FEATURE: I need to design something that allows for this source detection to be automated using the data that my case managers are collecting. 

2. Each disease's specifications, reporting needs, etc. are HIGHLY unique. As in, the definition of an "outbreak" for that Tuberculosis might be different from Ebola and the type of information case managers need to collect from patients is different for each type of disease.

FEATURE: The application needs pages which are "disease-specific." In fact, this entire section "Disease management" needs to be disease-specific.

3. Case managers should be able to see real-time, overall data trends when it is important. Case managers are encouraged when they see their work is helping reduce new occurrences of a disease.

FEATURE: I need to be able to send notes about data trends to the case managers

4. Due to the sensitive nature of health data and trends, it is important to have data vetted by case managers and scrubbed by data analysts.

FEATURE: I want to see data real-time, but I also need to have a way to see well "vetted" data from my analyst. Accuracy is more important than speed.

5. The ability to have some control over any automated processes is very important. Previous attempts to introduce automation into epidemiology have failed due to the inability to tailor "alert" settings for the diseases. For example, some diseases historically have "high" seasons where experienced epidemiologists expect to see an increase in cases over the summer. However, there was no way to input this "expected increase in cases" into the old systems, so the system would send many alerts about an "outbreak" over the summer seasons.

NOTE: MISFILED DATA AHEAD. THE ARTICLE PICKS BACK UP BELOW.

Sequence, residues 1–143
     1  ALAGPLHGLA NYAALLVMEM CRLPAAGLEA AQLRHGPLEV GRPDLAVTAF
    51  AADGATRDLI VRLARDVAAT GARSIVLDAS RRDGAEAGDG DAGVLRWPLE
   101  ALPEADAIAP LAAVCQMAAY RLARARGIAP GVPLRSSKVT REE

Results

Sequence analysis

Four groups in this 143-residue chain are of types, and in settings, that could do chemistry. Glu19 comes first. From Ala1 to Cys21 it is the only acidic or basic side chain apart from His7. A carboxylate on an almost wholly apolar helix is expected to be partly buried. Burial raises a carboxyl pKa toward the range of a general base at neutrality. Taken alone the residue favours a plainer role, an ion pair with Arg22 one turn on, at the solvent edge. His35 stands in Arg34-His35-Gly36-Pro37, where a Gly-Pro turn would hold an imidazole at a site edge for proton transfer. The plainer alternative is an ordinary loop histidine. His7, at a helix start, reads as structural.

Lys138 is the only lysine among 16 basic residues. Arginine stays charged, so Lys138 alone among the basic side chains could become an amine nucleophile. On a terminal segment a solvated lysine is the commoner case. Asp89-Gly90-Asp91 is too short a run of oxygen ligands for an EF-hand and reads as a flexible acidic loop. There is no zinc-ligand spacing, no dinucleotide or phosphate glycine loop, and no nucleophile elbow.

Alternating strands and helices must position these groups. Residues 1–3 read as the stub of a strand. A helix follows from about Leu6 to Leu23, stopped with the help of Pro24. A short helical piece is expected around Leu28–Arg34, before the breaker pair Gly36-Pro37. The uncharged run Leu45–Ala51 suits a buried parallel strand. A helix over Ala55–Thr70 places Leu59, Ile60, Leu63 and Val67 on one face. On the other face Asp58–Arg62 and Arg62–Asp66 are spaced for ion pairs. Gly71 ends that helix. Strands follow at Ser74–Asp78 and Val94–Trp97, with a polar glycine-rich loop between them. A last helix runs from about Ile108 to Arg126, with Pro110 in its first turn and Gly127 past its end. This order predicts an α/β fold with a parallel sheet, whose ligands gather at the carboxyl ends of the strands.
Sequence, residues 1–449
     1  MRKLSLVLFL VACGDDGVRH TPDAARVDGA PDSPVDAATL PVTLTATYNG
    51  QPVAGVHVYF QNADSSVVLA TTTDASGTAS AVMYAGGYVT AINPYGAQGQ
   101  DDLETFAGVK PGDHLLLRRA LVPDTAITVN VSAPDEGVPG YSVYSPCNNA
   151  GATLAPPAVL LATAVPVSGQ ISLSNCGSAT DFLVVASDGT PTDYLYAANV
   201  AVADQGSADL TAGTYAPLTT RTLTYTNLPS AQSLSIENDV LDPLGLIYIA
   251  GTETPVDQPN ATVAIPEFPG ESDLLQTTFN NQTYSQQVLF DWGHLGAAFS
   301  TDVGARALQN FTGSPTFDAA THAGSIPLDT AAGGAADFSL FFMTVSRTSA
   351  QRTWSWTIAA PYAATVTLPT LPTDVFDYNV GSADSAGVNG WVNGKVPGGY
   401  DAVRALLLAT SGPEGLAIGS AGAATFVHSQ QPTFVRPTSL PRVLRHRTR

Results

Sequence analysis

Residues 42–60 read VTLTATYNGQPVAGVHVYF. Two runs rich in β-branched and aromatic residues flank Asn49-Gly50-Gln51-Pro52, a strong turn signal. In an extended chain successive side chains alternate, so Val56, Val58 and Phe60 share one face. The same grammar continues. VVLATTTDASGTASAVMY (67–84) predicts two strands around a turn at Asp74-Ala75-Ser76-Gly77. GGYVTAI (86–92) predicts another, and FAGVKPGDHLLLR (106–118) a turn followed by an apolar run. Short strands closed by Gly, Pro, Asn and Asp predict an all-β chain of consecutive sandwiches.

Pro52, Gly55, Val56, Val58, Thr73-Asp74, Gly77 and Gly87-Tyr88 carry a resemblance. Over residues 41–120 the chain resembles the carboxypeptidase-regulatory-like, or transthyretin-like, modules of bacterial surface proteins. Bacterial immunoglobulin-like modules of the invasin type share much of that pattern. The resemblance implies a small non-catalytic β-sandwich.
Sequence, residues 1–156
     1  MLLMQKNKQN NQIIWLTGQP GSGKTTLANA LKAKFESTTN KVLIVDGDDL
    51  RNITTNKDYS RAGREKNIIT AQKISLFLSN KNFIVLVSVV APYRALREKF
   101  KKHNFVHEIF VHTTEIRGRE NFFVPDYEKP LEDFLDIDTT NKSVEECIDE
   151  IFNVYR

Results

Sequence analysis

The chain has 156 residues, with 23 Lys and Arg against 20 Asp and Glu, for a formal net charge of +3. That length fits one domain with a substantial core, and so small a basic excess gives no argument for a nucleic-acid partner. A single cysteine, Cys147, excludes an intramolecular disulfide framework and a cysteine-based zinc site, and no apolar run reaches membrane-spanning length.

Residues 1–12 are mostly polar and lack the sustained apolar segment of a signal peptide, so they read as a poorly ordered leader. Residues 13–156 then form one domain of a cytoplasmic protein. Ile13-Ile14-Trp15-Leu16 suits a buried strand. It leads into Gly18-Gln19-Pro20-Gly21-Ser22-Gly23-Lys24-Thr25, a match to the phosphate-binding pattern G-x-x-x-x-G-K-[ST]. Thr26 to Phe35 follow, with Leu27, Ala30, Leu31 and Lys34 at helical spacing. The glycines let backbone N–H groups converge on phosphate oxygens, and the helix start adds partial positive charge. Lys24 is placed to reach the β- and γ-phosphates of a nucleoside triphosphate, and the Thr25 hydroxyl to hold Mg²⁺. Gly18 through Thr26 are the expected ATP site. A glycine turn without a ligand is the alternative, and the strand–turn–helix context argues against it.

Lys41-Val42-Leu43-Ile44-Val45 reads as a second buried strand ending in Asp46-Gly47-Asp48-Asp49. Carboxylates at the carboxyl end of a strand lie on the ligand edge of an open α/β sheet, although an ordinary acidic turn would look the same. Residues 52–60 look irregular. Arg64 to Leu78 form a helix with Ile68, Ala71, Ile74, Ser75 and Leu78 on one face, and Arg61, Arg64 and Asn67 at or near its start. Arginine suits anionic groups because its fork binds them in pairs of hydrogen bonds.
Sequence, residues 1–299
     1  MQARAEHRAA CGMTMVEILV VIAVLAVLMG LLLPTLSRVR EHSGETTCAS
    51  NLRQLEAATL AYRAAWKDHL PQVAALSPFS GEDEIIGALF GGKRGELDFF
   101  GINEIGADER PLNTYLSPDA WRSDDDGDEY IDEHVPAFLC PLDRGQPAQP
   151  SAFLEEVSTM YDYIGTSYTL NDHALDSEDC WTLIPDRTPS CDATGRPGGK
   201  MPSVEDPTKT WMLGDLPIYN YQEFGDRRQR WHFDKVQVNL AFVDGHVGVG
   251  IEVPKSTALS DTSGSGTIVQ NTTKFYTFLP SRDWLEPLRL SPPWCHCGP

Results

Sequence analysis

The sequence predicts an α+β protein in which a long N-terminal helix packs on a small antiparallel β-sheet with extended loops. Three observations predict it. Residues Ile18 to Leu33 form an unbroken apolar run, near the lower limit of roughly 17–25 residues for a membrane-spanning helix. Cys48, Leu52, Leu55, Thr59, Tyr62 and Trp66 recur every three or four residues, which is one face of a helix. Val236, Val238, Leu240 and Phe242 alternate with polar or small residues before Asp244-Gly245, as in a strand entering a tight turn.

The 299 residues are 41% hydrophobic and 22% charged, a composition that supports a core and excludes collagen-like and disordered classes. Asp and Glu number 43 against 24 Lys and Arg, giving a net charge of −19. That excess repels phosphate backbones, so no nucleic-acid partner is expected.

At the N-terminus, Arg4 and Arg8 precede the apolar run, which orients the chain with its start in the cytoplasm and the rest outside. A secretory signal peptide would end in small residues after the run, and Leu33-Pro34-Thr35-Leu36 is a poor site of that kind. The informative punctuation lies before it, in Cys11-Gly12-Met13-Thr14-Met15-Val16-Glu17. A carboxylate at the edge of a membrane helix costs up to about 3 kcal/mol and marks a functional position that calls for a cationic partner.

FEATURE: I need to implement customize-ability for each disease.

FACILITY REPORTING

6. Labs and doctors are required by law to report new cases of a communicable disease. One of the most troubling problems for epidemiologists are when there is a sudden decrease in reports from either a lab or a doctor (usually due to a system error). Therefore it is important to know when this happens as soon as possible.

FEATURE: I need to receive alerts when there is a decrease or in reporting from a given lab or facility.

FEDERAL UPDATES

7. Sometimes, updates from the federal system mean that they have to collect additional information from patients for a given disease. However, the current means of data collection is on paper forms. This means that most new, required information is actually jotted down in the margins of the paper data collection form.